*-- from the macro (with deleting some extraneous commands that we
          *-- didn't need,such as commands generated by my switching windows
          *-- while originally generating the macro). Now, I have our first real
          *-- modification to the macro code. Instead of many TypeText calls for
          *-- the one paragraph,I changed it to one call.
          *--       
          *-- As a general rule, the more calls you can eliminate and combine,
          *-- the faster your execution speed will be.

          lcText = "Our records show that you owe us a lot of money. Here's the
               " + ;
               "breakdown you deadbeat. Pay up or we will have our friend the" +
               ;
               " legbreaker visit you and break your kneecaps."

          .TypeText(lcText)
          .TypeParagraph
          .TypeParagraph
          .TypeText("Get the idea?")
          .TypeParagraph
          .TypeParagraph
          .TypeText("Very sincerely yours,")
          .TypeParagraph
          .TypeParagraph
          .TypeText("Boyd, Dewey, Cheatem, and Howe")
          .TypeParagraph
          .TypeParagraph
     ENDWITH

     *-- Now to the next major modification. In the original macro, the table
     *-- was created by inserting a 2 X 2 table and then "typing" the text.
     *-- A table, however, is an object. Using the Table object, you can more
     *-- directly populate and manipulate the table.
     *--
     *-- Why do I care about the table object? I did not, after all, bother to
     *-- look for a more elegant way to do the body of the letter. Well, the
     *-- is obvious when you look at the code. By using the table object, I can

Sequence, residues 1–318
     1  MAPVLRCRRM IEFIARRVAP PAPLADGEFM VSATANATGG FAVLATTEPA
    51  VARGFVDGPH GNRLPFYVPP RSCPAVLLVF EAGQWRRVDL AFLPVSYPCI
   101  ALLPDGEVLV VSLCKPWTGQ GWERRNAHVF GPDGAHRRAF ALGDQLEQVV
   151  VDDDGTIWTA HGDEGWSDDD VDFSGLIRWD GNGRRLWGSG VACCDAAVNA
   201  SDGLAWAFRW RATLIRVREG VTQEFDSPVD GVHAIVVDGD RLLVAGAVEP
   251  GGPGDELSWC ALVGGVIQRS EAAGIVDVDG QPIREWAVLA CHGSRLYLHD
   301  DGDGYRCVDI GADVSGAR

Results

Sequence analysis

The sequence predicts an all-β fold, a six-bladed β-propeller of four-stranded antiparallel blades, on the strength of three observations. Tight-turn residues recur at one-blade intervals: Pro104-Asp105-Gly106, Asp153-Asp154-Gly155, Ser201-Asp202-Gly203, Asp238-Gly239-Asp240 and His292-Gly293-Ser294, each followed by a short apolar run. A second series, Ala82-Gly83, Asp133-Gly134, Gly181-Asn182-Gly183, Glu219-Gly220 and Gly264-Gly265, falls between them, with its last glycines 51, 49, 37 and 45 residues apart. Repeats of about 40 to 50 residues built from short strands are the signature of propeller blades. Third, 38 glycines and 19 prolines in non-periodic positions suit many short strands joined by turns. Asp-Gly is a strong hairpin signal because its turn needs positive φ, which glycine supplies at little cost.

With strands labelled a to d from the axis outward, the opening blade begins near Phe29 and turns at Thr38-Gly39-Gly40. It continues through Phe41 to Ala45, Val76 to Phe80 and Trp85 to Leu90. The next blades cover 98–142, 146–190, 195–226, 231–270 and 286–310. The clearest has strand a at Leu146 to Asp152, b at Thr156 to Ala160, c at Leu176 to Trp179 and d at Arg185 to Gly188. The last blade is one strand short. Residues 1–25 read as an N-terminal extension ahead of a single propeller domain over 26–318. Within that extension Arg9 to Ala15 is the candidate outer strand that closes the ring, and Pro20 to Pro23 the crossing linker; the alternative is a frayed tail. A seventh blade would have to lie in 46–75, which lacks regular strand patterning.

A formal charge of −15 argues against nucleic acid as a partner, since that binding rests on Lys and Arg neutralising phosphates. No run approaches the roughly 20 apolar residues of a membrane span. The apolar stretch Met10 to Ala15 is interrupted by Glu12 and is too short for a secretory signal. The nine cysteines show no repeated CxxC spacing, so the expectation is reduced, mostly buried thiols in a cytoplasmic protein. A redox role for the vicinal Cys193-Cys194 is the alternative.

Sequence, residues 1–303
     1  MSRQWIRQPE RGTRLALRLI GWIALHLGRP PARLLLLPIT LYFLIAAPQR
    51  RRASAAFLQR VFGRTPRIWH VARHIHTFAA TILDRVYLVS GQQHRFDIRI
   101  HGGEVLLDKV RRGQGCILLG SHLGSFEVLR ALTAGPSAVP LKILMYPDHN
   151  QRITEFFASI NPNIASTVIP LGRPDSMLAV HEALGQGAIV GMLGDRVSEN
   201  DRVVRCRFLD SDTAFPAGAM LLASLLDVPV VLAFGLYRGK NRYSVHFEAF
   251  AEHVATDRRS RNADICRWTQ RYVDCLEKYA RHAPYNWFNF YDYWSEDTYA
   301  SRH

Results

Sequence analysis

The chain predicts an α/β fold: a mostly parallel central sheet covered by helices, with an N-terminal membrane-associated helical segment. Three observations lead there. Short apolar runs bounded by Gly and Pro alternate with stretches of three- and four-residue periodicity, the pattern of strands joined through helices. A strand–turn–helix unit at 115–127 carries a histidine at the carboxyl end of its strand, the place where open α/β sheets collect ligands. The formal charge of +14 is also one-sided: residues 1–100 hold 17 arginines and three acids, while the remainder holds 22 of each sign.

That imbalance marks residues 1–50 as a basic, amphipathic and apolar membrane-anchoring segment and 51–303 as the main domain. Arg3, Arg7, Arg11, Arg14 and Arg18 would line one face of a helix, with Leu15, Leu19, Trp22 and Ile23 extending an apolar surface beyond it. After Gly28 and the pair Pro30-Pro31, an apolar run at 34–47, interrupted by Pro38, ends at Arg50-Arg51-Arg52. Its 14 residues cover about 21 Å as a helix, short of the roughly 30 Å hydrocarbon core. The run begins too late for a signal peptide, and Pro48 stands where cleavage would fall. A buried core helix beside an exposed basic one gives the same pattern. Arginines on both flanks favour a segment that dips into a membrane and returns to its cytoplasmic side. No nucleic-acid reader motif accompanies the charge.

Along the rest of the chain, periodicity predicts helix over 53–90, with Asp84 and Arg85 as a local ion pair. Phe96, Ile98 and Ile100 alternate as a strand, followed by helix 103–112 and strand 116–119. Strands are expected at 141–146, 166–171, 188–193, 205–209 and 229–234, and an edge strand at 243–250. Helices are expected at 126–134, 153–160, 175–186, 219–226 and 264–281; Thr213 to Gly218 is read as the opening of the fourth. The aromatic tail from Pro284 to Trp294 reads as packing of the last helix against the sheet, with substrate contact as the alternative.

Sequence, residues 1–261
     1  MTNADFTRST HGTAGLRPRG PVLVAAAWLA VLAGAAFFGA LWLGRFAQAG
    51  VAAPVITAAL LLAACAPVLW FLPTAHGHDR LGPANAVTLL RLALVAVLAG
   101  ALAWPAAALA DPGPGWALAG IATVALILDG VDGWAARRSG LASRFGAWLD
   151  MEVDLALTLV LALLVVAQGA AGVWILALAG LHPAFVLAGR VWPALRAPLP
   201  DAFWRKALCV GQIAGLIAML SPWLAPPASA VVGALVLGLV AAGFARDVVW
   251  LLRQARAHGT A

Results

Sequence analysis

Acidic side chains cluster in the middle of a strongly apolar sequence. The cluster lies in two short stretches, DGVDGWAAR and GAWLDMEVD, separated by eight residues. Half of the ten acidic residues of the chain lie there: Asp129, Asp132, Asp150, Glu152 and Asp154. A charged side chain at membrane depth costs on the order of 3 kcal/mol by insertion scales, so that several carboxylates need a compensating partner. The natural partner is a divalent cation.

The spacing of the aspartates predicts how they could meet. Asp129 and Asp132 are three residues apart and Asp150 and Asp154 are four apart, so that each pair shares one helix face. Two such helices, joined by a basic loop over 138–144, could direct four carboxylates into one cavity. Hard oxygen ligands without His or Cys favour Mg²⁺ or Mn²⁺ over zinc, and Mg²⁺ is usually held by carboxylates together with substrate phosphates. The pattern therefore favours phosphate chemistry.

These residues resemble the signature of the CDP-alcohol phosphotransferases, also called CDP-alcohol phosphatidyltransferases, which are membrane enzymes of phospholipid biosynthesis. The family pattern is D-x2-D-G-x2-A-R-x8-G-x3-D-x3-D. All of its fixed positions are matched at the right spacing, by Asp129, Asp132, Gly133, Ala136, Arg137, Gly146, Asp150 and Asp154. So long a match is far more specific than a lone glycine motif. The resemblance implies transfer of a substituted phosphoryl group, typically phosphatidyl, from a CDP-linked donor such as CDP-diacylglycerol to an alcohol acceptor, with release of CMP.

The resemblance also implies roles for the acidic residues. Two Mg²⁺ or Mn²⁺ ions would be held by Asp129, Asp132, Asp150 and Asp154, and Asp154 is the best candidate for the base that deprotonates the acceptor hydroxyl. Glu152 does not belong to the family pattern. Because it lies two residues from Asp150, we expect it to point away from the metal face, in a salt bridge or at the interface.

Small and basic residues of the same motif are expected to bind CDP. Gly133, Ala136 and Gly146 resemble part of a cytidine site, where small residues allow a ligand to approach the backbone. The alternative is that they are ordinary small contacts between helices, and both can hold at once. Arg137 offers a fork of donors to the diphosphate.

*-- the code to populate the table generic. When this program is modified
     *-- again to make it fully generic (and get the information from the
     *-- firm's customer and transaction tables), the infrastructure exists.
     *--
     *-- Oh, by the way. Look at the code to work with the cells in the table.
     *-- Doesn't it seem similar to Excel?

     .ActiveDocument.Tables.Add(.Selection.Range, 5, 3)
     loTable = .ActiveDocument.Tables(1)
  
     DECLARE laTableData[5,3]
     laTableData[1,1] = "Invoice #"
     laTableData[1,2] = "Invoice Date"
     laTableData[1,3] = "Amount Due"
  
     laTableData[2,1] = "100"
     laTableData[2,2] = "1/1/98"
     laTableData[2,3] = "100"

     laTableData[3,1] = "110"
     laTableData[3,2] = "2/1/98"
     laTableData[3,3] = "400"
  
     laTableData[4,1] = "135"
     laTableData[4,2] = "3/1/98"
     laTableData[4,3] = "900"
  
     laTableData[5,1] = "Total Amount Due"
     laTableData[5,2] = ""
     laTableData[5,3] = "1,400"
  
     WITH loTable
          FOR lnRow = 1 TO ALEN(laTableData, 1)
               FOR lnColumn = 1 TO  ALEN(laTableData, 2)
                    .Cell(lnRow,lnColumn).Range.InsertAfter(laTableData[lnRow,
                     lnColumn])
               ENDFOR
          ENDFOR
       
          *-- Our table is populated here. Now, all we have to do is autoformat
          *-- it. In case you were wondering.... I cheated... I autoformatted a
          *-- table, captured it in a macro, and then converted the macro code
          *-- here.
       
         loTable.AutoFormat(wdTableFormatClassic4, ;
                                  True, ;
                                  True, ;
                                  True, ;
                                  True, ;
                                  True, ;
                                  True, ;
                                  False, ;
                                  False, ;
                                  True)